Call us at: 773.935.3011

FAQ

How do you charge?
Typically, we charge an hourly fee with an upset figure. We arrive at this upset number after examining the project and listening to the goals of our client. Then, we attempt to estimate the amount of time that the project will take and use that to arrive at our fee.

We generally include time to get a permit in the City of Chicago. Typically, suburban communities do not require this time commitment from us.

Will you inspect a house before we purchase it?
This is a frequent request. We are glad to see a house before you commit to purchase it. We are able to give advice on remodeling and additions because of our familiarity with the local Building Code, Zoning Ordinance, and construction costs.

How is your inspection different from a House Inspector?
A House Inspector looks at different issues; for example, they generally check all the electrical outlets and to see if the appliances are in working order. We are generally invited to discuss possible changes to the property.

Can you work with a limited budget?
We pride ourselves on our ability to get the maximum impact from dollars available.

Will you work on small projects?
We enjoy work on all sizes of projects!

Will we need to hire an Interior Designer and a Kitchen Designer?
We are glad to work with either if you would like, but that is a personal preference rather than a requirement.

We typically will include a furniture layout as part of the design process, largely to be certain that the rooms will comfortable and useable. We are not generally involved with fabric selections although we’re always glad to offer an opinion. We maintain a small library of tile and stone samples in the office and have often accompanied clients on visits to showrooms for further selections. Our drawings can include elevations of all principal rooms if that is appropriate.

Generally, we include kitchen elevations in our drawings. We have found that clients often do well by taking our elevations to various kitchen showrooms and “shopping”. This gives a basis for real cost comparisons between different cabinet lines. Often cabinet lines have different options, and once a cabinet line is selected, we will incorporate ideas from the showroom’s designer.

Do you recommend General Contractors?
We maintain a list of General Contractors and subcontractors who have performed well on previous projects. We select 3 or 4 from that list to bid on particular projects depending on the size and complexity of the projects, contractor schedules, etc.

We have a General Contractor that we would like to use; will you work a part of a Design/Build team?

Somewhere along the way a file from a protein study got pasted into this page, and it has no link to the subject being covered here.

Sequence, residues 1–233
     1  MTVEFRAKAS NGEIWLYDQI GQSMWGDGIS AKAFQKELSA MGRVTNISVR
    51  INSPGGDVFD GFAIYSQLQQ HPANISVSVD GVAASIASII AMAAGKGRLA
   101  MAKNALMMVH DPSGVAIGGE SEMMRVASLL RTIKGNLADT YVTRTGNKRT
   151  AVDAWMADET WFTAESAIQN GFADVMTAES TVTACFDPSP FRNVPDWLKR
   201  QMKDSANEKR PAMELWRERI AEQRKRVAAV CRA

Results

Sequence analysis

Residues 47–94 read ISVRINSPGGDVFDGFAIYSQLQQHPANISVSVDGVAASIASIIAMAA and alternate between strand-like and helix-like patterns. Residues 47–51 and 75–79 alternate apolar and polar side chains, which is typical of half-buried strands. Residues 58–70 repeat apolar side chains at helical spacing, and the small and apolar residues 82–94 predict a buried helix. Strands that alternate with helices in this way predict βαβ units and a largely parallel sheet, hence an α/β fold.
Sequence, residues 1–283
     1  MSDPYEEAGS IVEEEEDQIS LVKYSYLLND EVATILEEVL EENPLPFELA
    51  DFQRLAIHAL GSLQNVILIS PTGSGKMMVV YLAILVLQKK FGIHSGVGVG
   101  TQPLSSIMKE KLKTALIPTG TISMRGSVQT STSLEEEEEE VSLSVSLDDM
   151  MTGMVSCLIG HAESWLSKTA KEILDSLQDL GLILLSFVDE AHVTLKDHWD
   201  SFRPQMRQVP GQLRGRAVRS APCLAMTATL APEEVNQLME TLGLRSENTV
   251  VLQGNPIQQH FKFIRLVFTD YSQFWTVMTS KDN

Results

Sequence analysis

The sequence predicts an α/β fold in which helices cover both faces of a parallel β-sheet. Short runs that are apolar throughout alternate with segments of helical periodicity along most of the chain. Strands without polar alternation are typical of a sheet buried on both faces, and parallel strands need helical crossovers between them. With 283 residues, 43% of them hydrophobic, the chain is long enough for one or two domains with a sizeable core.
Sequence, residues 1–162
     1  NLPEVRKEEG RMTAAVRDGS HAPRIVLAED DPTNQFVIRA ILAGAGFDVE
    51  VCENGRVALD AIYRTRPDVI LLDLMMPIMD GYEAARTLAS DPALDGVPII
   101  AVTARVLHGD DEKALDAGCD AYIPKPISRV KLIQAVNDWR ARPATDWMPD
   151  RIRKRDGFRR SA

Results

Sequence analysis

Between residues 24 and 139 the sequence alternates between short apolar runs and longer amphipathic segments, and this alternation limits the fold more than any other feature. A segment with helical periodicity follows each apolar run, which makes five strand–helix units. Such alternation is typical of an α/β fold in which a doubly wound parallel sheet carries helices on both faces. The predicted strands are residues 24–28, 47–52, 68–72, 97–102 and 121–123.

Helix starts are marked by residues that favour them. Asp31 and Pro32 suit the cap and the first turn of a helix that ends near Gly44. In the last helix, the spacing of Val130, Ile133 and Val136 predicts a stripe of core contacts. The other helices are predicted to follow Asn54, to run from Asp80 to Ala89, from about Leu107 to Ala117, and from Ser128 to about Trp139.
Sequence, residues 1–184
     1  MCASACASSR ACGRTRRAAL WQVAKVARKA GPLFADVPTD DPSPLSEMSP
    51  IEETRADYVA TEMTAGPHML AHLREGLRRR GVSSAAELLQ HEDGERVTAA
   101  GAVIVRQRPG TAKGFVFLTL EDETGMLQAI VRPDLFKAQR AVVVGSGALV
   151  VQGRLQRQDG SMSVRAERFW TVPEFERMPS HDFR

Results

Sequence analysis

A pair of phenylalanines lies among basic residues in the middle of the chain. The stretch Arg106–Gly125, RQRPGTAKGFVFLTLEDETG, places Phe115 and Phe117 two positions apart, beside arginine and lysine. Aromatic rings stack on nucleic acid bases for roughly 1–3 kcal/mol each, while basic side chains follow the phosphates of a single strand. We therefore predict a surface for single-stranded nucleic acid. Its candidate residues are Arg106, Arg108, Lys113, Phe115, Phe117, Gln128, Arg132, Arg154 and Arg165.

We have often worked as the design part of a design/build team.

Will you help us get a Building Permit?
The current permit process in the City of Chicago requires the architect to upload electronic versions of all documents to the Building Department for review. We are very familiar with this process!

Are you familiar with the permit process in the City of Chicago? In other communities?
Yes! We have successfully obtained  hundreds of permits in Chicago and in the neighboring communities.

Do you have experience working on Landmarked structures?
What about the Tax Freeze available to historic single family dwellings?
What about the Investment Tax Credits available for commercial projects?

Yes! We have successfully obtained both the Tax Freeze and the Investment Tax Credits on behalf of our clients. We have also worked with independent Historic Consultants on Landmarked buildings.

We are considering an addition to our house; can you advise us on cost and possible size before we commit to Architectural Services?
Yes! Generally, in the initial consultation we will examine the Plat of Survey to see what the Zoning Ordinance will permit. After listening to your goals for the project, we can give a gross estimate of probable cost. We would refine that estimate as the project progresses.

What are the issues we need to consider in thinking about an addition to our house?
First, we need to consider Zoning Restrictions. We can look up your zoning district and with a copy of your Plat of Survey; we can find the specific requirements for your lot.

Floor Area:
In most communities, the number of square feet of Floor Area will be determined by the size of the lot and the zoning district. For example, in Chicago, a standard 25’x125’ lot in a RT4 district would be allowed 3,750 sq.ft. of floor area (which may or may not include the basement, depending on height).

MLA: